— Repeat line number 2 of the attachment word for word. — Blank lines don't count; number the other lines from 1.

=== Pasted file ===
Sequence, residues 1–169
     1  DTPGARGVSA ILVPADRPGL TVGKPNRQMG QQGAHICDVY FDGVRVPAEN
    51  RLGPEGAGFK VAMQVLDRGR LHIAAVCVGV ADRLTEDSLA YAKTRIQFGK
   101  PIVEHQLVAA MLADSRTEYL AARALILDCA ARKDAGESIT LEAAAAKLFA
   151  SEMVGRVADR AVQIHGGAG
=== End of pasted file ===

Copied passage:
     1  DTPGARGVSA ILVPADRPGL TVGKPNRQMG QQGAHICDVY FDGVRVPAEN